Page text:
The man Jack Benny said would rather tell a bad joke than make a good movie gets a warm, personal appreciation from his grandson, Gregory Orr, in “Jack L. Warner: The Last Mogul.” OK vid item looks a good bet for tube playoff.
Film is partly structured as a personal odyssey by Orr, 39, to come to terms with the memory of a man whose vast estate he would visit as a kid –“a little like visiting royalty.” Orr’s ingenuous, look-at-me approach (which gets in the way after a while) yields high-chutzpah scenes of him driving to the Warner manse and even talking like an interviewee on camera.
Most interesting material is in the first half, where Orr draws on fascinating family photos and other material to show how Jack, the “rebellious,” problem child of the four Warner brothers (the children of first-generation Polish Jewish immigrants), rose to head the studio almost by accident.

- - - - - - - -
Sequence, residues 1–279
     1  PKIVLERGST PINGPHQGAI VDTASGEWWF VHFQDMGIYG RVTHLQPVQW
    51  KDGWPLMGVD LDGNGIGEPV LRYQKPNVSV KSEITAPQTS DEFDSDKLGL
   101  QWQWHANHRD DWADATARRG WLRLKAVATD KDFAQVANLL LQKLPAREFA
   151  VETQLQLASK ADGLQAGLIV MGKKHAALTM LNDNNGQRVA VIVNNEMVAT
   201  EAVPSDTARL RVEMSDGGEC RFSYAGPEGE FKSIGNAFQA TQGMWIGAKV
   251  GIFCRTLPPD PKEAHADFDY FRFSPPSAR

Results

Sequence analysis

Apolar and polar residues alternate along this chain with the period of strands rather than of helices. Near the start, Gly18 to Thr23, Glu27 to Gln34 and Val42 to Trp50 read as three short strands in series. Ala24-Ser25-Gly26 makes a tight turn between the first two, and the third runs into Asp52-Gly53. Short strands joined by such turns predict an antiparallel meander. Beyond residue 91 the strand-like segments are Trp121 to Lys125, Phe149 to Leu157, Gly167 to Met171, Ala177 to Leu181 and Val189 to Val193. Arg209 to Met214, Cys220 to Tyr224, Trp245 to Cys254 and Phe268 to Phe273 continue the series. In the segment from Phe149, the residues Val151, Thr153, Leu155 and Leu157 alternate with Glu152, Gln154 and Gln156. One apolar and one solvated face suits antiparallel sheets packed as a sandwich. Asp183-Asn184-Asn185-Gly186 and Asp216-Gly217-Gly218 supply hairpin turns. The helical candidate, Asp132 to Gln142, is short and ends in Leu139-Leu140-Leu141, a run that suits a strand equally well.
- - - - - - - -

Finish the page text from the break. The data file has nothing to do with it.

The film doesn’t gloss over Warner’s weaknesses — his womanizing, capitulation to the House Un-American Activities Committee and betrayal of brother Harry to become sole head of WB in the 1950s. But with the passage of time, there’s a romantic affection for Warner’s love of playing the mogul, his swashbuckling qualities and sad self-realization after being eased out in 1969 that, without a studio, he was just another nobody in town.
Even WB’s reputation for “squeezing pennies till they shouted” is viewed almost wistfully, with the caveat that it was a cut-price but not a cut-rate studio. As veteran director Vincent Sherman notes, “If you could make a picture at Warner Bros., you could make it anywhere.”
Not much time is spent on individual titles, save those that had a key historical/political place in WB’s development (“The Jazz Singer,””Confessions of a Nazi Spy,””Mission to Moscow”). Best clips are from Warner’s home movies (in color), showing Jack L. relaxing with his family or at play. Tech credits are OK.